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Statistics for HEP Roger Barlow Manchester University Lecture 4: Confidence Intervals.

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Presentation on theme: "Statistics for HEP Roger Barlow Manchester University Lecture 4: Confidence Intervals."— Presentation transcript:

1 Statistics for HEP Roger Barlow Manchester University Lecture 4: Confidence Intervals

2 Slide 2 The Straightforward Example Apples of different weights Need to describe the distribution  = 68g  = 17 g All weights between 24 and 167 g (Tolerance) 90% lie between 50 and 100 g 94% are less than 100 g 96% are more than 50 g Confidence level statements

3 Slide 3 Confidence Levels Can quote at any level (68%, 95%, 99%…) Upper or lower or twosided (x

4 Slide 4 The Frequentist Twist Particles of the same weight Distribution spread by measurement errors What can we say about M?  = 68  = 17 “M 55” or CL These are each always true or always false Solution: Refer to ensemble of statements

5 Slide 5 Frequentist CL in detail You have a meter: no bias, Gaussian error 0.1. For a value X T it gives a value X M according to a Gaussian Distribution X M is within 0.1 of X T 68% of the time X T is within 0.1 of X M 68% of the time Can state X M -0.1

6 Slide 6 Confidence Belts For more complicated distributions it isn’t quite so easy But the principle is the same Construct Horizontally Read Vertically Measured X True X

7 Slide 7 Coverage 95% confidence (or “x>L” or “x

8 Slide 8 Discrete Distributions CL belt edges become steps True continuous p or Measured discrete N May be unable to select (say) 5% region Play safe. Gives overcoverage Binomial: see tables Poisson Given 2 events, if the true mean is 6.3 (or more) then the chance of getting a fluctuation this low (or lower) is only 5% (or less)

9 Slide 9 Problems for Frequentists Weigh object+container with some Gaussian precision Get reading R R-  < M+C < R+ R-C-  < M < R-C+ E.g. C=50, R=141,  =10 E.g. C=50, R=55,  =10 -5 < M < E.g. C=50, R=31,  = < M < Poisson: Signal + Background Background mean 2.50 Detect 3 events: Total < 95% Detect 0 events Total < 95% Signal < 95% These statements are OK. We are allowed to get 32% / 5% wrong. But they are stupid

10 Slide 10 Bayes to the rescue Standard (Gaussian) measurement No prior knowledge of true value No prior knowledge of measurement result P(Data|Theory) is Gaussian P(Theory|Data) is Gaussian Interpret this with Probability statements in any way you please x true Gives same limits as Frequentist method for simple Gaussian

11 Slide 11 Bayesian Confidence Intervals (contd) Observe (say) 2 events P( ;2)  P(2; )=e - 2 Normalise and interpret If you know background mean is 1.7, then you know >1.7 Multiply, normalise and interpret 2

12 Slide 12 Bayes: words of caution Taking prior in as flat is not justified Can argue for prior flat in ln or 1/  or whatever Good practice to try a couple of priors to see if it matters

13 Slide 13 Feldman-Cousins Unified Method Physicists are human Ideal Physicist 1.Choose Strategy 2.Examine data 3.Quote result Real Physicist 1.Examine data 2.Choose Strategy 3.Quote Result Example: You have a background of 3.2 Observe 5 events? Quote one-sided upper limit ( Observe 25 events? Quote two-sided limits

14 Slide 14 “Flip-Flopping” S N Allowed S N 1 sided 2 sided S N This is not a true confidence belt! Coverage varies.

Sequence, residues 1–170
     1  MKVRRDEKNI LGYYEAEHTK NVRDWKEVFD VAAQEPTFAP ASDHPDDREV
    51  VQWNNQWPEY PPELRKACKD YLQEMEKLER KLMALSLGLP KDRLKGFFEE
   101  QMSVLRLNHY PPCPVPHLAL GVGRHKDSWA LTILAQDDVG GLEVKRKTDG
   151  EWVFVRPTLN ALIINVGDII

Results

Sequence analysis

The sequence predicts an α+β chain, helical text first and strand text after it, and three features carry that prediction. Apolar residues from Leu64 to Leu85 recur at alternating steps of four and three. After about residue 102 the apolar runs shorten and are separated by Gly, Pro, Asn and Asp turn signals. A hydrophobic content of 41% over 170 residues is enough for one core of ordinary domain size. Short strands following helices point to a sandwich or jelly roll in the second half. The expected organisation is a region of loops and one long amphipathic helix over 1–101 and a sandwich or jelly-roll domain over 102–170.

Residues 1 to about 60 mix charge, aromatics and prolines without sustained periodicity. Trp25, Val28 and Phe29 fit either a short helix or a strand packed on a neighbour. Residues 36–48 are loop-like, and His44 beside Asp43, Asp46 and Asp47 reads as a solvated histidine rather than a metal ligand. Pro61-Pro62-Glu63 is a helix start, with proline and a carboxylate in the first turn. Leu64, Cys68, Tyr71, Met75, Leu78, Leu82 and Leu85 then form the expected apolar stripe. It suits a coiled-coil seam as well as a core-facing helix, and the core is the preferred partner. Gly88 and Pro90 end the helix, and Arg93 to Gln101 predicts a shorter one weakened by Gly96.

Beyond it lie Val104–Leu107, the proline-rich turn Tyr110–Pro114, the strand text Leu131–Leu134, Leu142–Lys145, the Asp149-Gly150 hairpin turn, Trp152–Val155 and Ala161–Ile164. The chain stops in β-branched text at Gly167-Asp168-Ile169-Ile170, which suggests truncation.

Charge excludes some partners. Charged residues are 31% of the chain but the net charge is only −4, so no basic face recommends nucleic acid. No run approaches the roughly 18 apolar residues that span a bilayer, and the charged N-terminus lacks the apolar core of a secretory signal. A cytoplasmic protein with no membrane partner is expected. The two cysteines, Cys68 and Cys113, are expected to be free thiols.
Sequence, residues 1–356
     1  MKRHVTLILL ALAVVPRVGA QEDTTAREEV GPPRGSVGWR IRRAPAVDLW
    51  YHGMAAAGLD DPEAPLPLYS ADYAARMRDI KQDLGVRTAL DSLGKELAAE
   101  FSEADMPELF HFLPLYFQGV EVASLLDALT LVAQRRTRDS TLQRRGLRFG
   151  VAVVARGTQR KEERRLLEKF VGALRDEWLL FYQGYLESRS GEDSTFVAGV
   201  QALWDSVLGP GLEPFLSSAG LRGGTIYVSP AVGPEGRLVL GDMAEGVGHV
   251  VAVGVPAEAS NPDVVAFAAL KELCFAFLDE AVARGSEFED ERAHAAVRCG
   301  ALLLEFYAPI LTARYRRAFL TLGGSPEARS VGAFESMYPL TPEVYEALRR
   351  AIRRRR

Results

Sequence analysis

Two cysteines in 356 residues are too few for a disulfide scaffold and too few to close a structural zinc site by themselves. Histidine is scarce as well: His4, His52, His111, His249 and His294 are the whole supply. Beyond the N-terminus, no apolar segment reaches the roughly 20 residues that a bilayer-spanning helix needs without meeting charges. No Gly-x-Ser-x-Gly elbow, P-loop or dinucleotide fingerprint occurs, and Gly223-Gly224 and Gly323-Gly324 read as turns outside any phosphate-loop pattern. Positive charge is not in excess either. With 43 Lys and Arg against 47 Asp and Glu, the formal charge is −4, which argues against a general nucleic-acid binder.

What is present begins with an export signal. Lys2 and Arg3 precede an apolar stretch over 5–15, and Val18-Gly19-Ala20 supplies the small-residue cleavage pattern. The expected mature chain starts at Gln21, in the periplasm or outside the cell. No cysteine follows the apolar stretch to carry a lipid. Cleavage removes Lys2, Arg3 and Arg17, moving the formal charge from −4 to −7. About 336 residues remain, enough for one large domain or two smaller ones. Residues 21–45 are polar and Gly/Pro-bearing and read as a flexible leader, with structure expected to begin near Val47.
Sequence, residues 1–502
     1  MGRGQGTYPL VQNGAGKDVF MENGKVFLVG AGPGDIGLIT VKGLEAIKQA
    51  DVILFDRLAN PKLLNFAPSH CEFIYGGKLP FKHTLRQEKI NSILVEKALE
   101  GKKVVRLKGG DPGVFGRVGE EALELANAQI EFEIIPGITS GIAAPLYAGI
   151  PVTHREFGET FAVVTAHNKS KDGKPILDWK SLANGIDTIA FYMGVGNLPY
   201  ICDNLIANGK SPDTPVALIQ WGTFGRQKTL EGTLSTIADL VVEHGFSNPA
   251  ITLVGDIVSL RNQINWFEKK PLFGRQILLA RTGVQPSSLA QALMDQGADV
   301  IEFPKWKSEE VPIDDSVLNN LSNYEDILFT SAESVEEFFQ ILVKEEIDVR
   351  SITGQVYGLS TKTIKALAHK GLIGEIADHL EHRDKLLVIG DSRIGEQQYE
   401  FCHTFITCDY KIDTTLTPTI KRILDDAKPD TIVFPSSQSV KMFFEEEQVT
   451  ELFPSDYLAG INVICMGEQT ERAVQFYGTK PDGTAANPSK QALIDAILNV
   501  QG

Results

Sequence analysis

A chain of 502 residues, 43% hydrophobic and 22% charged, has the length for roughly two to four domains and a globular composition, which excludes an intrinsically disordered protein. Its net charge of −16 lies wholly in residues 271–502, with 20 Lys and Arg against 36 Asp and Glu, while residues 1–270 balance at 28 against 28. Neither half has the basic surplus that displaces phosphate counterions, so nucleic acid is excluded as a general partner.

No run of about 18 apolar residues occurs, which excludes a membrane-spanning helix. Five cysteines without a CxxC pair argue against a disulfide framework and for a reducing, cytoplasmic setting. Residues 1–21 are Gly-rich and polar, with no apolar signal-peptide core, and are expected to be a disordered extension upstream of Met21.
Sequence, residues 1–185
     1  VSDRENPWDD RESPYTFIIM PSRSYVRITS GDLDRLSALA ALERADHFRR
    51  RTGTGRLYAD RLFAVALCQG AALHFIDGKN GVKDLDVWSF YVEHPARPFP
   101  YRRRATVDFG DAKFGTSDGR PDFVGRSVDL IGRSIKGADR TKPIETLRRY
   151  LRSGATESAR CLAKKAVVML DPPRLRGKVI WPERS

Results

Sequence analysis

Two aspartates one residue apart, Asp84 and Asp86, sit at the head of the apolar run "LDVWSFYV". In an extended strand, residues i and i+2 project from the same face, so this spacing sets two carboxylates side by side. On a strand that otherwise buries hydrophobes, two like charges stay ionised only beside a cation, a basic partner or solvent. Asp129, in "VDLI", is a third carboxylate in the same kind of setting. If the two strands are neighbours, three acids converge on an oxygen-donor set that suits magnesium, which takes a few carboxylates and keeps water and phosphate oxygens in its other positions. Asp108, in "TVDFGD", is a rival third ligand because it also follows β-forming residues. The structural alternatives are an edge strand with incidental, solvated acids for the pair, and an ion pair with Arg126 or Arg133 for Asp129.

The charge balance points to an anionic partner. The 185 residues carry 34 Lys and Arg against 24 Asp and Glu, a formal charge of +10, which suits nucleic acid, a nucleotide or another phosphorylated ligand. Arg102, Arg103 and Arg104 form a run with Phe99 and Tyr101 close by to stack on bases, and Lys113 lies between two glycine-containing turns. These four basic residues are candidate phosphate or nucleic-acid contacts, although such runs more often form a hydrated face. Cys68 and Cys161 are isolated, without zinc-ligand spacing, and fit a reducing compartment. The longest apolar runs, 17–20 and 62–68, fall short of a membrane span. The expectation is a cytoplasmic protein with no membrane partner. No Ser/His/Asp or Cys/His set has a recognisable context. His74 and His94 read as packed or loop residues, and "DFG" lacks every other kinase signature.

15 Slide 15 Solution: Construct belt that does the flip-flopping S N For 90% CL For every S select set of N-values in belt Total probability must sum to 90% (or more): there are many strategies for doing this Crow & Gardner strategy (almost right): Select N-values with highest probability  shortest interval

16 Slide 16 Better Strategy N is Poisson from S+B B known, may be large E.g. B=9.2,S=0 and N=1 P=.1% - not in C-G band But any S>0 will be worse To construct band for a given S: For all N: Find P(N;S+B) and P best =P(N;N) if (N>B) else P(N;B) Rank on P/P best Accept N into band until  P(N;S+B)  90% Fair comparison of P is with best P for this N Either at S=N-B or S=0

17 Slide 17 Feldman and Cousins Summary Makes us more honest (a bit) Avoids forbidden regions in a Frequentist way Not easy to calculate Has to be done separately for each value of B Can lead to 2-tailed limits where you don’t want to claim a discovery Weird effects for N=0; larger B gives lower (=better) upper limit

18 Slide 18 Maximum Likelihood and Confidence Levels ML estimator (large N) has variance given by MVB At peak For large N Ln L is a parabola (L is a Gaussian) a Ln L Falls by ½ at Falls by 2 at Read off 68%, 95% confidence regions

19 Slide 19 MVB example N Gaussian measurements: estimate  Ln L given by Differentiate twice wrt  Take expectation value – but it’s a constant Invert and negate:

20 Slide 20 Another MVB example N Gaussian measurements: estimate  Ln L still given by Differentiate twice wrt  Take expectation value =  2  i Gives Invert and negate:

21 Slide 21 ML for small N ln L is not a parabola Argue: we could (invariance) transform to some a’ for which it is a parabola We could/should then get limits on a’ using standard L max -½ technique These would translate to limits on a These limits would be at the values of a for which L= L max -½ So just do it directly a a’

22 Slide 22 Multidimensional ML L is multidimensional Gaussian a b For 2-d 39.3% lies within 1  i.e. within region bounded by L=L max -½ For 68% need L=L max Construct region(s) to taste using numbers from integrated  2 distribution

23 Slide 23 Confidence Intervals Descriptive Frequentist –Feldman-Cousins technique Bayesian Maximum Likelihood –Standard –Asymmetric –Multidimensional


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